Assault on diabetes

Zespri’s Juliet Ansell and Amy Porter, the inspiration behind diabetes education programme. Photo: Jamie Troughton/Dscribe Media

 

It was a casual tearoom conversation that grew into a broad-ranging community health project to combat diabetes.

And as a result of that chat over the teacups, Zespri staff will roll out a week-long diabetes education and prevention programme at Arataki Primary School in Mount Maunganui.

The Arataki project will focus on the school's Maori language unit pupils and will include a free healthy breakfast, community games day, free blood sugar testing and the creation of a student-illustrated book.

The project sprang from a chance conversation between Zespri colleagues Juliet Ansell and Amy Porter. Amy, who works with Maori kiwifruit growers, was horrified to learn from her scientist co-worker that Maori and Pacific island people have a hugely-elevated risk of developing type two diabetes.

“I'm Ngati Tuwharetoa, from the King Country, so this is about my whanau too,” Amy says.

“When Juliet told me they are 50 per cent more likely than non-Maori to get this preventable form of the disease, we started talking about things we could do to educate and help locally.”

The conversation, which sprang from Juliet's health science research around kiwifruit being particularly good at regulating blood sugar levels, quickly spread beyond the walls of the international fruit marketing company.

Researcher and Doctor Anna Rolleston, who is director of the Tauranga-based Centre For Health, became involved as an advisor.

Arataki School principal Shelley Blakey says the project will focus on the school's 86-student bilingual Kopukairoa unit, but will also involve the wider school, parents and caregivers.

“We agreed we wanted to get the information to younger kids and teach them how to avoid the disease,” Amy says.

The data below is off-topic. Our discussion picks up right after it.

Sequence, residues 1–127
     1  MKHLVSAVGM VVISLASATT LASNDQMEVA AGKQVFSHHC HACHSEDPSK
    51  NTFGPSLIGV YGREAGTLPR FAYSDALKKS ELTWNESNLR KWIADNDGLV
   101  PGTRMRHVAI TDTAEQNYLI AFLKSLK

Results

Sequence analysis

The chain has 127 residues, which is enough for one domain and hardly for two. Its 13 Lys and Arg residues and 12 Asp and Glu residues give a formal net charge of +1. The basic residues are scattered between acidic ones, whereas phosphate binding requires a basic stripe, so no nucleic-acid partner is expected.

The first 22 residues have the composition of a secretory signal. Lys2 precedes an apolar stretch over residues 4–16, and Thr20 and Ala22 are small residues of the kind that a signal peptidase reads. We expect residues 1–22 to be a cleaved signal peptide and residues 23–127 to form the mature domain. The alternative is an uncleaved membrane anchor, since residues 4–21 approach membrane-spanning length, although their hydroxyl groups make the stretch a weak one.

“People are getting diabetes at a younger age now, but we also knew kids would take the message home to their families and we're aiming to bring whanau into the school to get involved and be tested.”

Amy says the education and events programme has been developed over six months and its focus on general health and nutrition, rather than just diabetes, aligns with the national curriculum.

“But of course, it also needs to be fun for the children. So there'll be plenty of games and prizes and we'll have our smoothie bikes there, where you mix a healthy smoothie using pedal power.”

During the week, the students will also help to illustrate a book on diabetes and then receive copies.

Amy says child-focused educational resources are scarce and this one, penned by a local writer Debbie McCauley, will be in both English and te reo Maori.

“We live in this community and so do many of our growers and orchard workers. This is Zespri's way of giving back.”

The Arataki project will roll out on Monday, November 13, and will encompass World Diabetes Day the following day.

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